Oxidative Stress

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    Oxidative stress is a critical factor in the aging process and is believed to contribute significantly to the deterioration of physiological functions over time. This concept has been supported by extensive research and studies over the years.

    Reactive Oxygen Species (ROS)

    Oxidative stress is characterized by an imbalance between the production of reactive oxygen species (ROS) and the body's ability to detoxify these reactive intermediates or to repair the resulting damage.[1] ROS are highly reactive molecules, including free radicals like superoxide radicals (O2-), hydroxyl radicals (OH.), and non-radical species such as hydrogen peroxides (H2O2).[2]

    Reactive oxygen species (ROS) are primarily produced by the mitochondria during normal metabolic processes, with the electron transport chain being a significant source.[3] The production of ROS is a complex process involving the reduction of oxygen molecules, leading to a cascade of other ROS.

    Additionally, ROS are produced through various physiological and pathological processes, including cellular respiration and inflammatory responses.[4] Their generation and subsequent conversion involve enzymes like superoxide dismutase (SOD), catalase, and glutathione peroxidase, which play crucial roles in controlling oxidative stress.

    The Oxidative Stress Theory of Aging

    The oxidative stress theory of aging posits that the gradual accumulation of oxidative damage to biomolecules is a primary driver of the aging process. This damage increases with age and correlates with a decline in life expectancy in various organisms.[10.1016/S1566-2772(03)00007-0] Oxidative damage affects multiple aspects of aging and is a key factor in many age-related diseases. Particularly, telomeres are highly susceptible to oxidative damage, which can lead to accelerated aging and increased risk of age-related diseases.[5][6][7]

    Controversy and Complexity in Oxidative Stress Research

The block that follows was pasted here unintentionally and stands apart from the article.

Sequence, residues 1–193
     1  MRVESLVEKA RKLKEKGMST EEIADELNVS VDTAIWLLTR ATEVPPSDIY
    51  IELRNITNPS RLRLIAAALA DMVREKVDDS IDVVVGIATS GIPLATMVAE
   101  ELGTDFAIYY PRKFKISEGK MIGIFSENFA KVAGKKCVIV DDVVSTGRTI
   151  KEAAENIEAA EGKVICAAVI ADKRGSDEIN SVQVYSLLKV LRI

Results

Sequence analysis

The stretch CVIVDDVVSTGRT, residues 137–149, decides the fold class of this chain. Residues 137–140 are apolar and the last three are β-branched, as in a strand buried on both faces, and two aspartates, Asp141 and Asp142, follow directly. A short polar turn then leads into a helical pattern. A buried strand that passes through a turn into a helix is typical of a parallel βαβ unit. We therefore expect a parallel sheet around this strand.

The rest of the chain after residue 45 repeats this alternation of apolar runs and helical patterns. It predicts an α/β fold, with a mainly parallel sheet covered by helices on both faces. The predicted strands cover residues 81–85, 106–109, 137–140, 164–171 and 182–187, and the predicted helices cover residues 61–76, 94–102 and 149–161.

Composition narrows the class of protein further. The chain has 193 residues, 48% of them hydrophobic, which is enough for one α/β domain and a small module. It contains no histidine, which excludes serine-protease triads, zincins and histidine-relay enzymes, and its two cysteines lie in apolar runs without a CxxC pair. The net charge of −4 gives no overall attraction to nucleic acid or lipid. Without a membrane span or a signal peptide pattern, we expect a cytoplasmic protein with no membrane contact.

While there is substantial evidence linking oxidative damage to aging, the direct relationship between oxidative stress and aging is not conclusively established.[8] ROS have complex roles in the body, contributing to cellular homeostasis at physiological levels but causing damage when in excess.[1] This dual role is embodied in the concept of mitohormesis, where low levels of ROS can be beneficial.

    Impact of Oxidative Stress on Biomolecules

    Oxidative stress can lead to damage in various biomolecules:

    • Lipids: Polyunsaturated fatty acids (PUFAs) are particularly vulnerable to lipid peroxidation, affecting membrane fluidity and leading to cell apoptosis.[9][10]
    • Proteins: Oxidation of proteins can alter their structure and function, affecting enzyme activity and signal transduction.[11][12][13][14][15]
    • Nucleic Acids: ROS, especially hydroxyl radicals, can cause oxidative damage to DNA, leading to mutations, strand breaks, and DNA-protein cross-linking, contributing to genome instability and cell death.[3][16][17][18][19][20]


    Main article: Antioxidants

    Antioxidants are compounds that can prevent or slow down the oxidation of other molecules. Oxidation is a chemical reaction that can produce free radicals, leading to chain reactions that may damage cells. Antioxidants terminate these chain reactions by removing free radical intermediates and inhibiting other oxidation reactions. They do this by being oxidized themselves, making them crucial in the body's defense against oxidative stress.

    Antioxidative Stress

    Antioxidative stress is the fundamental opposite is oxidative stress. It is an overabundance of bioavailable antioxidant compounds that interfere with the immune system's ability to neutralize pathogenic threats.

    Antioxidant compounds reduce reactive oxygen species (ROS), which reduces emitted free-radicals. When ROS function is impaired, there is more susceptibility to atopic disorders or diseases due to impairment of the attack-kill-present-respond behavior of the Th-1 immune response chain. Over-consumption of antioxidants could thus lead to antioxidative stress, where antioxidants might weaken or block the adaptive stress responses and cause dangerous health conditions and cause harm.[21]

    The concept of antioxidative stress may best be described by excessive or detrimental nutritional consumption of a diet rich in antioxidants,[22] unbalancing the immune systems' pathogenic response processes. Serious health conditions can result if these processes are chronically unbalanced, ranging from acute to chronic. Immunological stress by over-supplementation of antioxidants facilitates adverse health effects specifically including allergies, asthma, and physiological alterations (especially of the skin).